Western Evening Grosbeak in Southern California
On the afternoon of November 2, 1919, during a very cold spell following a storm with much snow in the mountains nearby, I was walking through Smiley Heights Park in Redlands, when the tinkling notes of a chickadee drew my attention to a small cedar or cypress directly at the side of the road. To my astonishment it looked like an animated Christmas tree, for there were not only a half dozen Mountain Chickadees (Penthestes gambeli baileyae) clinging to the twigs and fluttering in the branches, but as many Red-breasted Nuthatches (Bitta canadensis) running on the trunk of it and the neighboring tree, while ornamenting the outer branchlets were at least a dozen Western Evening Grosbeaks (Hesperiphona vesperta montana), male and female.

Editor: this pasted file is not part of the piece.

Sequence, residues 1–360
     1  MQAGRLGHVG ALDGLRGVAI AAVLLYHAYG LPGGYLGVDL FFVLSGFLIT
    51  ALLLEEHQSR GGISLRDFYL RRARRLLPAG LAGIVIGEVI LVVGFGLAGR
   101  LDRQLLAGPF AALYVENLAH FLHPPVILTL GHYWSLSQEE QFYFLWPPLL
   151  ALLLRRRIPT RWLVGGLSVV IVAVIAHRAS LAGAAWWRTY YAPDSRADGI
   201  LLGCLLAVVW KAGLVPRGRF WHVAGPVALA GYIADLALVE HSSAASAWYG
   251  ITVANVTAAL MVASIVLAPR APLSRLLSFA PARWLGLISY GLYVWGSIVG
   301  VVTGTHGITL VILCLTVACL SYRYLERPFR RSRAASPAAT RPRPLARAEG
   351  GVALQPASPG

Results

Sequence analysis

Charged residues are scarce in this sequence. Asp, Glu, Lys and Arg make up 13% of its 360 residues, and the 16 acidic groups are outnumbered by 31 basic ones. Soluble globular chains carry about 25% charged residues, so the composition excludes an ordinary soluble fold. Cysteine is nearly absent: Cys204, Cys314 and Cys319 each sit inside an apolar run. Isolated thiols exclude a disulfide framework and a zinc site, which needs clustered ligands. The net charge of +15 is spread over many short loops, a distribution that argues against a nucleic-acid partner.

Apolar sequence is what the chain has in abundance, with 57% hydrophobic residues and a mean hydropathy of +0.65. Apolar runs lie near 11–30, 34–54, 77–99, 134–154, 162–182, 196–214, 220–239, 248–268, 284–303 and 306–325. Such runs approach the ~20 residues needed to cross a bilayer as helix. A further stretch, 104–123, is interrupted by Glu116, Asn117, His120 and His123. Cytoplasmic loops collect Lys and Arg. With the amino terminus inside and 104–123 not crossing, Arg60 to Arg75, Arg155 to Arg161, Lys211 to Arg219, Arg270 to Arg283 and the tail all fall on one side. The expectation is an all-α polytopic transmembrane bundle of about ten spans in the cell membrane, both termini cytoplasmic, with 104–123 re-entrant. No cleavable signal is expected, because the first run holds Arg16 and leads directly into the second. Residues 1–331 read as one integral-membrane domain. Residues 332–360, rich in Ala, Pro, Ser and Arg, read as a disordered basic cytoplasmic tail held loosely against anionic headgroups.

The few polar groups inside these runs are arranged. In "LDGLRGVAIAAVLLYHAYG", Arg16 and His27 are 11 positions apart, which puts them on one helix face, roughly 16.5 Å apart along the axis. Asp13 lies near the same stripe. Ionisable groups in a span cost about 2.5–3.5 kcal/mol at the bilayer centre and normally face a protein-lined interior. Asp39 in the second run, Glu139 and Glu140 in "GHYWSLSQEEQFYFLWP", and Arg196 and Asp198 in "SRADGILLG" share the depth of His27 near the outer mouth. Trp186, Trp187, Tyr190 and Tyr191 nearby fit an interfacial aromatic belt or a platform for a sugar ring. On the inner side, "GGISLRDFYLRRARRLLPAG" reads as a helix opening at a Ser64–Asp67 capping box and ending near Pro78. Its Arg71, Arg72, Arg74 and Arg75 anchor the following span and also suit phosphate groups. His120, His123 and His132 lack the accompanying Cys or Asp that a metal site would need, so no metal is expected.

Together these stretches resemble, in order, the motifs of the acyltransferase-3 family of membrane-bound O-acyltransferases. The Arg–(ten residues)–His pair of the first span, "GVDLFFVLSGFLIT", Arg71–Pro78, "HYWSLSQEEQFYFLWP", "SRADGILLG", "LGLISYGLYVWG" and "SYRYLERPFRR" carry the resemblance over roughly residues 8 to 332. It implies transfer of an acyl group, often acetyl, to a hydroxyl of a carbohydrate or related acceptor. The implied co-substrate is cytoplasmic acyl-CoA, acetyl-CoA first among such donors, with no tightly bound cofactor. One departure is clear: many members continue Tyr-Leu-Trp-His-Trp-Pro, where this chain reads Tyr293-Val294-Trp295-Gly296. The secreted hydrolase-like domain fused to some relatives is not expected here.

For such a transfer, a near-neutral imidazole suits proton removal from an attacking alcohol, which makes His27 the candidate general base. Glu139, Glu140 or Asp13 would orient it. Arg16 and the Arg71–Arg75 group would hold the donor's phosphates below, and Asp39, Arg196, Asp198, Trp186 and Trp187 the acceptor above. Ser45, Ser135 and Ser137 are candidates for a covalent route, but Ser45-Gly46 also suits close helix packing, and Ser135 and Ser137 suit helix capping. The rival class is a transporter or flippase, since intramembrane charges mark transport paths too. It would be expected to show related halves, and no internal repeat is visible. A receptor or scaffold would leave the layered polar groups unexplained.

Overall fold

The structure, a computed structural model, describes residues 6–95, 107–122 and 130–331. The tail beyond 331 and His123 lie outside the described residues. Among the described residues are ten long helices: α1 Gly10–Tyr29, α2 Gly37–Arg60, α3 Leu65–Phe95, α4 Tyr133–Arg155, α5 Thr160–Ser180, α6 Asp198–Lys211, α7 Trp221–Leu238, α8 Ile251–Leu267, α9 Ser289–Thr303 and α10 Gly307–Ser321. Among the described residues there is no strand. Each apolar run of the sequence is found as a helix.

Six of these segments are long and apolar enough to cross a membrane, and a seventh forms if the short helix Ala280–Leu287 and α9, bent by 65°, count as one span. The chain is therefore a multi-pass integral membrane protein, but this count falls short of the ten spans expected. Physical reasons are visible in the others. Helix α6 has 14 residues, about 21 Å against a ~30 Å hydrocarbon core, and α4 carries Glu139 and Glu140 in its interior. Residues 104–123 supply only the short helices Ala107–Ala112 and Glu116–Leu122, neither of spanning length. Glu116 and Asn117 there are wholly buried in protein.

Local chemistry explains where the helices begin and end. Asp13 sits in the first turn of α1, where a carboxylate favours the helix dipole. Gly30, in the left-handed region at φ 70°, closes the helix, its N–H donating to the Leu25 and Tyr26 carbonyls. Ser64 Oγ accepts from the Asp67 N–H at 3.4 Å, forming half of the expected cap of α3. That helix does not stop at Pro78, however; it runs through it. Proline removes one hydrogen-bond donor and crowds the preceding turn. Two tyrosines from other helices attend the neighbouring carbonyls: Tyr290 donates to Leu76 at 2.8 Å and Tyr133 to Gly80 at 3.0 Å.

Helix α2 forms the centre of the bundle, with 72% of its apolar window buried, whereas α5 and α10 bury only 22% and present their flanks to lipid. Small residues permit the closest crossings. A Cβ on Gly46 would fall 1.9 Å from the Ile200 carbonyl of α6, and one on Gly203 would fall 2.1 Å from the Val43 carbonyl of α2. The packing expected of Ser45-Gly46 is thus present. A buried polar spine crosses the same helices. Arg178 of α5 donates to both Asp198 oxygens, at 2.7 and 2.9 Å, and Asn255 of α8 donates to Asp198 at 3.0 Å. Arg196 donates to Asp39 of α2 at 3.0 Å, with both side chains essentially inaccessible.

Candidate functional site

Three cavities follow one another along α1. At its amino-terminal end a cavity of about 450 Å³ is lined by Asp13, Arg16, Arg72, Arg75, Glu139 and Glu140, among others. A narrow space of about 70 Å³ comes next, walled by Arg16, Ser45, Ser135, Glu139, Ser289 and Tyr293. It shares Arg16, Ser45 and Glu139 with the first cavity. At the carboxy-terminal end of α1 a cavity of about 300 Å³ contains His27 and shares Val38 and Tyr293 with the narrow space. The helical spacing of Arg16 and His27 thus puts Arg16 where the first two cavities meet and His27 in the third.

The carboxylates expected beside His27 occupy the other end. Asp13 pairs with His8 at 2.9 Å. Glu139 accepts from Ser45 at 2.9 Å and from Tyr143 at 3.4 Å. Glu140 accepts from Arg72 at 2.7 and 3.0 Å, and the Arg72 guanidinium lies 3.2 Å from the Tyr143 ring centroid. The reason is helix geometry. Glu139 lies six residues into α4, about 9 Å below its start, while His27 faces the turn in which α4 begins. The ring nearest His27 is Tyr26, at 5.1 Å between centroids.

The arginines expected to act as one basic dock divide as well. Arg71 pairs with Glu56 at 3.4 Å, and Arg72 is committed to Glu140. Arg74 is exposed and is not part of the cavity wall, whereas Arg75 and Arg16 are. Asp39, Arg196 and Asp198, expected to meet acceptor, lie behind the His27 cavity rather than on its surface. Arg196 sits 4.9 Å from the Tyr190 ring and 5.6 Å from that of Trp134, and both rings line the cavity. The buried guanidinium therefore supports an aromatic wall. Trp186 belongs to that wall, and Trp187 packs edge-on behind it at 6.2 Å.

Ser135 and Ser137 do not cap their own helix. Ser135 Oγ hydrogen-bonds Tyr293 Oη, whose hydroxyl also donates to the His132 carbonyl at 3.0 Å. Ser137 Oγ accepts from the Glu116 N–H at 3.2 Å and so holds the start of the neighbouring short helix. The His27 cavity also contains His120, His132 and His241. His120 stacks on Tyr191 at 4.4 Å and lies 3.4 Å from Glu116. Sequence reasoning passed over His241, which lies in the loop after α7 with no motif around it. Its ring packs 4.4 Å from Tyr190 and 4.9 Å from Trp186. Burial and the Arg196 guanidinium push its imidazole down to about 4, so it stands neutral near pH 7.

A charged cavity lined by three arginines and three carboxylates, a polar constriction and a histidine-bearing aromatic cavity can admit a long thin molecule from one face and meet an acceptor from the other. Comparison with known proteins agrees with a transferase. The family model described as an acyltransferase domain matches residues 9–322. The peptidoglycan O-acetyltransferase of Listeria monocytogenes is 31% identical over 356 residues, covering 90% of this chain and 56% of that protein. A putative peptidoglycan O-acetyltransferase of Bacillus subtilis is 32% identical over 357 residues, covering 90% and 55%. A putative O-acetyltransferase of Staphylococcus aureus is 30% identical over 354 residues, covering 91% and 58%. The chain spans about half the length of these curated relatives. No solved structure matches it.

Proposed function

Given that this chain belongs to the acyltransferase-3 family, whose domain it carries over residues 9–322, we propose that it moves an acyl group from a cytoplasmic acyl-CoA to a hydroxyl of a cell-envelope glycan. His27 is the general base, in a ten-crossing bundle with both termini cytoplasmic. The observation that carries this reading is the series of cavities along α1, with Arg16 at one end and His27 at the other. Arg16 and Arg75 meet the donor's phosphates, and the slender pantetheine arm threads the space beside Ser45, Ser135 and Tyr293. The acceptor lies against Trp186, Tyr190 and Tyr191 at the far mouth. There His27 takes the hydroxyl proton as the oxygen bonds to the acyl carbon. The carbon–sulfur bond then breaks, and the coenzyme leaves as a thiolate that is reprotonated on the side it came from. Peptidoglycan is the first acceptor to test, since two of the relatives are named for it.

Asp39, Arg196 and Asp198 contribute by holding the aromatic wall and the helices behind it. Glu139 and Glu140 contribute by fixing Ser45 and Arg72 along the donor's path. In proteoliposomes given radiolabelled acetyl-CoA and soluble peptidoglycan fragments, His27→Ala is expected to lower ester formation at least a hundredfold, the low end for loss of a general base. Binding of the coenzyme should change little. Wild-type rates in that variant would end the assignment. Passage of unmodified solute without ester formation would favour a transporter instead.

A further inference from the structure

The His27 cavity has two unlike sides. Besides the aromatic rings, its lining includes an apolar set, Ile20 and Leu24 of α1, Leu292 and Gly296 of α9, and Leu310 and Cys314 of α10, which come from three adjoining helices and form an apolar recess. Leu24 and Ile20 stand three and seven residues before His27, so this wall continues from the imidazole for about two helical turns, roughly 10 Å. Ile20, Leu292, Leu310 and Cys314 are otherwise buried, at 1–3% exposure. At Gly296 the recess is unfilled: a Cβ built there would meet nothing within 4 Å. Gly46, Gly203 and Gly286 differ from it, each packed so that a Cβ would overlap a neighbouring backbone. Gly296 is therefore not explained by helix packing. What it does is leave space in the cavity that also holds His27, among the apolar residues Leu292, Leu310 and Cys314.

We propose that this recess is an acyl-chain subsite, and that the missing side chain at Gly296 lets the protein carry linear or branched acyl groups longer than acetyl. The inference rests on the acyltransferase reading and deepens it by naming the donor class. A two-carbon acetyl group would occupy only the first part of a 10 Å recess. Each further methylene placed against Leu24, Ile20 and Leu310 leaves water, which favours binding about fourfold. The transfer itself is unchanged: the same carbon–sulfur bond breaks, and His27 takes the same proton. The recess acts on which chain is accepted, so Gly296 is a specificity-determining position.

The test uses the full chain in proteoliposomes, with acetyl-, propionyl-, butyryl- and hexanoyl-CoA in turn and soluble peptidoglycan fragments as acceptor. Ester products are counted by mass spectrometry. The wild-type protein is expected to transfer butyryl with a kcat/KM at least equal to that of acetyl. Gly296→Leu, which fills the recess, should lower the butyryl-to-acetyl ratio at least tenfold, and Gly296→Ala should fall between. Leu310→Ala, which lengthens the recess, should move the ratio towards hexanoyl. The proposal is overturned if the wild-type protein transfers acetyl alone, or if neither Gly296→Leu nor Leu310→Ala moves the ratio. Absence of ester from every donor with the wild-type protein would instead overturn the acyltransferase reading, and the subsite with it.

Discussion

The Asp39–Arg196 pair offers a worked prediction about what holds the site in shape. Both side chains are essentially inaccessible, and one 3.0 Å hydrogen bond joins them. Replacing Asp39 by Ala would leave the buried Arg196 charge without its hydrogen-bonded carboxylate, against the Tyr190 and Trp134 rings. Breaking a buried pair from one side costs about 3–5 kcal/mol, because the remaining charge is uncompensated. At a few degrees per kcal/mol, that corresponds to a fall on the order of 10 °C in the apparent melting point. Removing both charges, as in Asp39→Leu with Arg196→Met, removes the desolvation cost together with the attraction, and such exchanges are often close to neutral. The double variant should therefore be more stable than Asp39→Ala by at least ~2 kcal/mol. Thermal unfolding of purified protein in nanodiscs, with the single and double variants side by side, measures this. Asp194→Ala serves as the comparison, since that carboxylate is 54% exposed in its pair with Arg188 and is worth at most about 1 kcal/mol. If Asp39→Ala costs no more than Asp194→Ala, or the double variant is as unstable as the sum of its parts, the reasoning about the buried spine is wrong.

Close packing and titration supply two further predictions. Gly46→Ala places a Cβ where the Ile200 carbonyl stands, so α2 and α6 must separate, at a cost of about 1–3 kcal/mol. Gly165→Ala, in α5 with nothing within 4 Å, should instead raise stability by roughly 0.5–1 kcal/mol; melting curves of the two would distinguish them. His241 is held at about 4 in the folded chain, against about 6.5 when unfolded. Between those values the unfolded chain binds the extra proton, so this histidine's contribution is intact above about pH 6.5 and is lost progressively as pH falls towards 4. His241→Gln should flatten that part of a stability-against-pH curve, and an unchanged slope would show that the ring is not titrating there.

I had never before seen them in southern California and could not believe my eyes at first, but the size and beak were right, and the coloring, particularly that of the males, was unmistakable, for I had become very familiar with them in Oregon. They were industriously peeling away the hard outer shell of the cedar nuts and feasting upon the seeds within. The afternoons of the two following days, November 3 and 4, I went again at the same hour and found both times a pair of the grosbeaks, a male and a female, in the same tree, eating the seeds as before. They seemed entirely unafraid and let me stand for an hour both days directly beneath them not ten feet away. The second day they finally flew away toward the west, but on the third day they were still eating seeds when I left. I was prevented from going again before a week passed and then could find no trace of them and have never seen them since, even though colder weather followed at Thanksgiving.
Redlands, California, February 29, 1920